Kavango Resources (LSE:KAV) rocketed by 43% to 0.9p a share on Thursday following the release of a company-wide update on its efforts to discover world-class metal deposits in Botswana.

One highlight was the news that Dr David Holwell, a leading authority on magmatic sulphide deposits, has reviewed the geological and economic potential of the firm's licence in the Kalahari Suture Zone ("KSZ"). Although Kavango expects to release the findings of the report in the coming weeks, the firm's chief executive gave an early indication of their high quality when he said:

"We are particularly encouraged by the initial results we've seen from Dr Holwell's report and look forward to providing a comprehensive update on this soon."

Kavango's ten prospecting licences cover a significant portion of the KSZ, which is a geological feature that shares a similar setting to the magmatic sulphide deposits at Norilsk in Siberia. These alone account for 90% of Russia's nickel reserves, 55% of its copper, and virtually all of its platinum group metals. Following a successful drill programme over the licences last year, Kavango is constructing a computerised 3D underground map of the northern part of the KSZ project area.

The company added that it is now fully-funded for the next phase of exploration work at the KSZ following financing earlier this month that saw it raise £358,500.

Elsewhere in Thursday's release, Kavango said it was reviewing further prospecting licences within the wider Kalahari Copper Belt to be held with the joint venture it set up with LVR GeoExplorers earlier this year. Meanwhile, the firm is also assessing the potential of a number of other prospecting licences in which it would take a 100% direct interest.

Finally, Kavango provided an update on the news earlier this month that it conditionally sold a 51% position in its prospective Ditau project in Botswana to its AIM peer Power Metal Resources (LSE:POW) for £150,000.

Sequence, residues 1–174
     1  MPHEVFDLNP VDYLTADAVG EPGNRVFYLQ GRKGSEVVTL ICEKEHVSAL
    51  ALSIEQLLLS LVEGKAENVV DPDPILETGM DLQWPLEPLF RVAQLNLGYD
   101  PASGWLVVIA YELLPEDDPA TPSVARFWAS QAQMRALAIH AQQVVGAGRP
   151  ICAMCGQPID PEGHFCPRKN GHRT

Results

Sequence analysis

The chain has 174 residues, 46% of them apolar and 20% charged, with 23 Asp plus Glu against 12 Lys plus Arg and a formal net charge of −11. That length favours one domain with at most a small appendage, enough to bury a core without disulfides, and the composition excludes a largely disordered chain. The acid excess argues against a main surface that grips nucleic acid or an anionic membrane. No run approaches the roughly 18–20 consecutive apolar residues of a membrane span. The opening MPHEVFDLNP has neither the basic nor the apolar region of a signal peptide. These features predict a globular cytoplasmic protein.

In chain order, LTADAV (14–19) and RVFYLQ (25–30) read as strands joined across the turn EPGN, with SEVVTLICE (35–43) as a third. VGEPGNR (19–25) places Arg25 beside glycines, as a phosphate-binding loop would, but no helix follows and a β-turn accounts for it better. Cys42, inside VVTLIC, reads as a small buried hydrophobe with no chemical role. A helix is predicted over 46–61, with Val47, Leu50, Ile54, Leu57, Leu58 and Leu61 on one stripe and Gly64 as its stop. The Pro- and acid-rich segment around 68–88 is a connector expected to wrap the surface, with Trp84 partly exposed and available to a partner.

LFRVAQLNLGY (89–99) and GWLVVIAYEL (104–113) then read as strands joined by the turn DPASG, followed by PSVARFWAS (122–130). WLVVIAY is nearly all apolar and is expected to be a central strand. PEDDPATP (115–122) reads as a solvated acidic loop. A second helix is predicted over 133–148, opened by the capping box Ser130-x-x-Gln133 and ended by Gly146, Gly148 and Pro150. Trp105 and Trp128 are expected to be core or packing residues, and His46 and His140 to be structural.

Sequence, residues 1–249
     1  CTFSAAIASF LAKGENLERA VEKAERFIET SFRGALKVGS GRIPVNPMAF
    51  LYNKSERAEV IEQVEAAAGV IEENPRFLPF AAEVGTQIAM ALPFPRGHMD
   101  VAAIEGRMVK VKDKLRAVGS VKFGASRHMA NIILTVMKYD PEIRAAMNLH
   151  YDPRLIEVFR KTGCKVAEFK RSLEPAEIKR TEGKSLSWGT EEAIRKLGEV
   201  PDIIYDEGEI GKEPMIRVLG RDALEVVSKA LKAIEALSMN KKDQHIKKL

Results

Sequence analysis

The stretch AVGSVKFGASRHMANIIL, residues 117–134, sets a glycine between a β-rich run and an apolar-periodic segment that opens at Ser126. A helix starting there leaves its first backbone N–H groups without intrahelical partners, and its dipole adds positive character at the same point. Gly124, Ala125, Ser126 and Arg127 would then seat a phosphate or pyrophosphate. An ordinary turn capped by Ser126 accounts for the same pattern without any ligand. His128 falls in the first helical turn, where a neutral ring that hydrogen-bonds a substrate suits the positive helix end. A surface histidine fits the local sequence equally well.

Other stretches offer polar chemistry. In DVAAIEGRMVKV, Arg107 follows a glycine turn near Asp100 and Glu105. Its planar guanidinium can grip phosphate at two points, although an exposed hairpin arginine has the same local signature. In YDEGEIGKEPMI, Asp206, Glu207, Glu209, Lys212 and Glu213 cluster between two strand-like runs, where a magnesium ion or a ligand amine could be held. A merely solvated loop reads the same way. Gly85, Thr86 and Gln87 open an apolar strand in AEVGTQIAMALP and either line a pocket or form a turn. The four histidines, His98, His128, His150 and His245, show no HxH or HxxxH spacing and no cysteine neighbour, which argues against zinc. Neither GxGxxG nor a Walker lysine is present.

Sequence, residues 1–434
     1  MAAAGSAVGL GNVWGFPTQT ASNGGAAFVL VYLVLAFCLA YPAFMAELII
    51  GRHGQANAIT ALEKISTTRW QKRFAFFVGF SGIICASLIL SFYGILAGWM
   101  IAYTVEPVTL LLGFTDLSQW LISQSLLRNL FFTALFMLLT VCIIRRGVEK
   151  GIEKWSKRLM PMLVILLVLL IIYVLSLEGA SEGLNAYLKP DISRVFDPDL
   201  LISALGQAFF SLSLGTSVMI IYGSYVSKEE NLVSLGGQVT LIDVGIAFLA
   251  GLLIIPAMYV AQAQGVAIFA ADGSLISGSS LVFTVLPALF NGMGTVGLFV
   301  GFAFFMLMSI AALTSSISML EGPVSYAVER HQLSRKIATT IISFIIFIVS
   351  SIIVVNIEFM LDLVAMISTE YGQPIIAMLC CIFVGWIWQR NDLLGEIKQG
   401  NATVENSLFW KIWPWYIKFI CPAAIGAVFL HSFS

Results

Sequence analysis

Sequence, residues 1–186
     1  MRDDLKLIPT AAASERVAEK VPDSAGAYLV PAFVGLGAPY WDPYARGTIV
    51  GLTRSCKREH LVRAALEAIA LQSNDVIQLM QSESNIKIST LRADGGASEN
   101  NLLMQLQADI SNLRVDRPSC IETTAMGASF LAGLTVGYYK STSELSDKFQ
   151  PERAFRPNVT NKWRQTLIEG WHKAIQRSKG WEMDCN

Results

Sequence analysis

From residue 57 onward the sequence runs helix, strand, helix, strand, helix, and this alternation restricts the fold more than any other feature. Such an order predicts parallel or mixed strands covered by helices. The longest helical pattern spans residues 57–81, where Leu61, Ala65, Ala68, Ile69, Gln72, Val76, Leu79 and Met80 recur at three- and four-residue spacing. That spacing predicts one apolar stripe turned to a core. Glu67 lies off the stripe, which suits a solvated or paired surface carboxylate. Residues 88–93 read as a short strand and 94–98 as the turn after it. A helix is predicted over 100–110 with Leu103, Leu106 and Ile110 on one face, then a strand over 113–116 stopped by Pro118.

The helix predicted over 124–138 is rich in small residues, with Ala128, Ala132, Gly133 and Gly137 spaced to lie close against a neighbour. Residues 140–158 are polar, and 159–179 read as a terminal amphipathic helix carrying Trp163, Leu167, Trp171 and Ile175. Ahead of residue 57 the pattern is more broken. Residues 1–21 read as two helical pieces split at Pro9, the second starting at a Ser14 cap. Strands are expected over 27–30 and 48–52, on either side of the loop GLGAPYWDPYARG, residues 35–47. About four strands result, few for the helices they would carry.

On Thursday, Kavango said Power Metal's due diligence work is ongoing and that it is planning orientation work on three "carbonatites" discovered 25 kilometres to the north of Ditau in the 1970s.

Carbonatites are a rare type of igneous rock almost exclusively formed from continental rift-related tectonic settings. They develop from volcanic activity that failed to erupt meaningfully at the earth's surface and typically form "ring structures" due to their lithological complexity and their tendency to "dome" the surrounding geology. Alongside rare earth elements, carbonatites can also often contain economic or anomalous concentrations of other highly-sought-after metals like phosphates, magnetite, strontium, niobium, and even copper.

De Beers has given Kavango access to the site of the three carbonatites, and the firm is now planning non-invasive geophysical work – subject to the adoption of an environmental plan and Power Metal's agreement. This will be used to guide future exploration of the ten "ring structure" magnetic targets at Ditau that are thought to represent carbonatites.

"Following completion of our recent strategic financing, we are extremely pleased to report on the progress we have made over recent months. We have kept dilution to a minimum, as we now enter the next crucial phase of exploration across our portfolio of projects," added Foster.

"Our goal is to discover world-class metal deposits in Botswana. Thanks to the evidence we have gathered in the field from surveys and drilling we are well positioned to build sophisticated geological models to hone future high-priority target selection."

Author: Daniel Flynn

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